The Nature of Anxious Apprehension 103FIGURE 3.9. Relationship of worry, anxious apprehension, and fear (panic). From Craske (1999).Copyright 1999 by Westview Press. Reprinted by permission. Evidence supporting the partial independence of the process of worry, in turn, requiresalterations to the model of the process of anxious apprehension presented in the first edi-tion of this book as described above. These alterations are presented in Figure 3.1. In thisnew depiction, worry precedes entry into the anxious apprehension cycle, consistent withCraske’s conceptualizations. At the same time, it must be remembered that these two pro-cesses are highly related and often intricately bound up in a spiraling pathological processthat makes them phenomenologically inseparable in their most severe presentation. Never-theless, the worry process seems to best represent Liddell’s (1949) planning function, as heenvisioned, over 50 years ago. When it works as seemingly intended, this strategy can assistthe individual in warding off future threat by actively planning for future threat or danger,thereby preventing entry into the anxious apprehension cycle.ANXIETY VERSUS FEARThe process of anxiety, then, is that of a coherent cognitive–affective structure consistingof a negative feedback cycle characterized to varying degrees by a sense of both internaland external events proceeding in an unpredictable, uncontrollable fashion, accompaniedby a supportive physiology and increasingly well-established patterns of brain activation(brain circuits; see Chapter 6). This process is also characterized by maladaptive shifts inattention to an internal, negative self-evaluative focus; a number of cognitive biases re-flecting hypervigilance for threat and danger; and, at intense levels, dysfunctional perfor-mance. Avoidance and worry are intricately bound up in this cycle, but when anxiety be-comes chronic, they are fundamentally failed coping mechanisms. It does not make sense to say that anxiety as a coherent system “begins” with activa-tion of specific brain circuits, or perceptions of threat or uncontrollability, or attentionalshifts. Each facet of anxiety is part of a whole and is difficult to study out of context. Theorigins of anxiety and anxiety disorders are more fully explicated in Chapter 8.
104 ANXIETY AND ITS DISORDERS Now that research and theory on the nature of anxiety have been reviewed, it is im-portant to consider potentially important differences between the emotions of anxiety andfear, alluded to throughout the chapter. Neoevolutionary emotion theorists inform us thatfear is a distinct and basic emotion, and human experience in general would seem to vali-date this. Fear is a primitive alarm in response to present danger, characterized by strongarousal and action tendencies. By contrast, anxiety seems best characterized as a future-orientated emotion, characterized by perceptions of uncontrollability and unpredictabilityover potentially aversive events and a rapid shift in attention to the focus of potentiallydangerous events or one’s own affective response to these events. Gray and McNaughton(1996) have theorized on two partially independent brain systems undergirding these twoemotions, the BIS and the fight–flight system (FFS; see Chapter 2). Lang talks of discrimi-natively different outputs from his defensive motivational system: active defense (fight orflight) on the one hand, and behavioral “freezing” on the other. Other theorists make similardiscriminations. If the clinical manifestation of anxiety is a behavioral interruption and a refocusing ofattention on possible sources of future threat or danger (“It could happen again, and I mightnot be able to deal with it, but I’ve got to be ready to try”), then what is the clinical mani-festation of fear? In my view this clinical manifestation is panic, and panic is the unadul-terated, ancient, possibly innate alarm system human beings call “fear.” Before the etiologyof anxiety and its disorders can be discussed, therefore, it is necessary to consider the phe-nomenon of panic.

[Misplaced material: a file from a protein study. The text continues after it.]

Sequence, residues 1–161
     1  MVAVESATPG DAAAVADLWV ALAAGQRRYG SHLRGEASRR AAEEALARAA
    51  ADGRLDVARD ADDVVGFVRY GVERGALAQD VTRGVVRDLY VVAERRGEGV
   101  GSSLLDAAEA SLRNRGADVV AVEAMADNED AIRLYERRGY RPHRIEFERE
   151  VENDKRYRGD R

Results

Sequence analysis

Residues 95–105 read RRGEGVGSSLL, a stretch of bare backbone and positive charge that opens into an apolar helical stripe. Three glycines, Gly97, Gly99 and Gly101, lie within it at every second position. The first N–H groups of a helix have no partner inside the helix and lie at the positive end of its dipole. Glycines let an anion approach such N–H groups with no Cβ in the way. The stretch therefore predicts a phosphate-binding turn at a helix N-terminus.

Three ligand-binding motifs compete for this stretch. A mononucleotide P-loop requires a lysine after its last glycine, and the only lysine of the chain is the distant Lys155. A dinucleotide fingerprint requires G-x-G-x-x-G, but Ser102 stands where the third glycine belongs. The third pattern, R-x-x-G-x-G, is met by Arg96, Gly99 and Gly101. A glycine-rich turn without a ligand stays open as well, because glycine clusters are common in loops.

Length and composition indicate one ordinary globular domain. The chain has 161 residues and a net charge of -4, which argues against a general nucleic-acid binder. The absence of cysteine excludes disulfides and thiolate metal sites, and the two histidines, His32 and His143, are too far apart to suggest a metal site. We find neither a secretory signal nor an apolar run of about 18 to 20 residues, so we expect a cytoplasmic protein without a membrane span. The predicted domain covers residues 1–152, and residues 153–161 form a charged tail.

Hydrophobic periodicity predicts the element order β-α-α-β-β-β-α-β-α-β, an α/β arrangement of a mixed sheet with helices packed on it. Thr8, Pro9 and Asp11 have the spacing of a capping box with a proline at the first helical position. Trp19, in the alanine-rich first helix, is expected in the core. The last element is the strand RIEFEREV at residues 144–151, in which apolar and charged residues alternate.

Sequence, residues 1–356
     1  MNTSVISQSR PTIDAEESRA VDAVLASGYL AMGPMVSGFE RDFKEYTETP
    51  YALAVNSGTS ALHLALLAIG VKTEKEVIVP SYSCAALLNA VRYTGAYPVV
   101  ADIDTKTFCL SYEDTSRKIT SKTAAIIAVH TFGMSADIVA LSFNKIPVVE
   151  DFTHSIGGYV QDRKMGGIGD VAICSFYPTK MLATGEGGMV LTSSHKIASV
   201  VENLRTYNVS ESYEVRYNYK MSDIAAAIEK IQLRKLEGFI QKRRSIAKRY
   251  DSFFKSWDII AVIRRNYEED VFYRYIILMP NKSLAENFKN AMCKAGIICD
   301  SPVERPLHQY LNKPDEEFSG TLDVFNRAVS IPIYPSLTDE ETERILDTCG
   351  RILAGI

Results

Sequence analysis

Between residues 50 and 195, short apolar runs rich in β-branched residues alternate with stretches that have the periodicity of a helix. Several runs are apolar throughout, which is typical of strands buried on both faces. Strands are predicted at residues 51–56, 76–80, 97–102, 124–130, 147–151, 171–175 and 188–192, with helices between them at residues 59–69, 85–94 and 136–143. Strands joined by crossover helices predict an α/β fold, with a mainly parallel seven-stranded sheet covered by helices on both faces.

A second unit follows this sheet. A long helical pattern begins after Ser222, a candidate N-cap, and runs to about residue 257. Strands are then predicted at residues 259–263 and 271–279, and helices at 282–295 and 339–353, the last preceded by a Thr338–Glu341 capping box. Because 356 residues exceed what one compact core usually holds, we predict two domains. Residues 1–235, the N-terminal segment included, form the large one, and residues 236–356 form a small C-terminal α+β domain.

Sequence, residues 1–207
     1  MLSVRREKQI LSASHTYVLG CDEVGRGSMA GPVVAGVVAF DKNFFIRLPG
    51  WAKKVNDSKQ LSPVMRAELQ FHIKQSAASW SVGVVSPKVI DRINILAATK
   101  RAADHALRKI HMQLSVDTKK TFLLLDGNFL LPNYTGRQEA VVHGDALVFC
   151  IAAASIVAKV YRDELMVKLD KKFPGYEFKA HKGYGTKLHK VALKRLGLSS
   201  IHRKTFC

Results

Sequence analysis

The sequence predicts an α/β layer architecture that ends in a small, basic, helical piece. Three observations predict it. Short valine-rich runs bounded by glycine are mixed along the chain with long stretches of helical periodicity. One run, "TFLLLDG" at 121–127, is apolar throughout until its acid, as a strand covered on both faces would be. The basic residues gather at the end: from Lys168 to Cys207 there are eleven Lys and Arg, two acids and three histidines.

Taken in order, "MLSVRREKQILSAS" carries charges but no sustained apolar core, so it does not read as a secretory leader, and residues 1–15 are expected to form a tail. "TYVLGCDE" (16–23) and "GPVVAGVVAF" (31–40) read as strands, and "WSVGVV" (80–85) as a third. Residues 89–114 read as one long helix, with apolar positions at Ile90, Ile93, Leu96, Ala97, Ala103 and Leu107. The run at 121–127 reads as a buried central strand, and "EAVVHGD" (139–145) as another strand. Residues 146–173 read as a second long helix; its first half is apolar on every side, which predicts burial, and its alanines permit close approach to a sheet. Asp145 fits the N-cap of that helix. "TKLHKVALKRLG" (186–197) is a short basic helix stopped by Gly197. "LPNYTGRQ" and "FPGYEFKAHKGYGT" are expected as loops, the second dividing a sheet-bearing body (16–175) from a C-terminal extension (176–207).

C H A P T E R 4The Phenomenon of Panic I was 25 when I had my first attack. It was a few weeks after I’d come home from the hospital. I had had my appendix out. The surgery had gone well, and I wasn’t in any danger, which is why I don’t understand what happened. But one night I went to sleep and I woke up a few hours later—I’m not sure how long—but I woke up with this vague feeling of apprehension. Mostly I remember how my heart started pounding. And my chest hurt; it felt like someone was standing on my chest. I was so scared. I was sure that I was dying—that I was having a heart attack. And I felt kind of queer, as if I were detached from the experience. It seemed like my bedroom was covered with a haze. I ran to my sister’s room, but I felt like I was a puppet or a robot who was under the control of somebody else while I was running. I think I scared her almost as much as I was frightened myself. She called an ambulance.This description was offered by a patient of ours. Compare this to an earlier account of ananxiety attack that “erupts into consciousness without being called forth by any train ofthought”: An anxiety attack may consist of a feeling of anxiety alone, without any associated ideas, or accompanied by the interpretation that is nearest to hand such as ideas of the extinction of life, or a stroke, or the threat of madness . . . or the feeling of anxiety may have linked to it a disturbance of one or more of the bodily functions—such as respiration, heart action, vaso- motor innervation or glandular activity. From this combination the patient picks out in par- ticular now one, now another, factor. He complains of “spasms of the heart,” “difficulty in breathing,” “outbreaks of sweating” . . . and such like; and in his description, the feeling of anxiety often recedes into the background. (Freud, 1895/1940, p. 86) The roots of the experience of panic are deeply embedded in our cultural myths. TheGreek god Pan, the god of nature, resided in the countryside, presiding over rivers, woods,streams, and the various grazing animals. But Pan did not fit the popular image of a god:He was very short, with legs resembling those of a goat, and he was very ugly. Unfortu-nately for ancient Greeks traveling through the countryside, Pan had a habit of napping ina small cave or thicket near the road. When disturbed from his nap by a passer-by, he wouldlet out a blood-curdling scream that was said to make one’s hair stand on end. Pan’s screamwas so intense that many a terrified traveler died. This sudden, overwhelming terror orfright came to be known as “panic,” and on occasion Pan would use his unique talent tovanquish his foes. Even the other gods were subject to his terror and at his mercy. Although Pan has faded deep into myth, his power is experienced daily by millions. Infact, panic is so common, so widespread, and so much a part of our experience that wehave managed to overlook its importance. In lay terms, “panicking” is a part of our lives, 105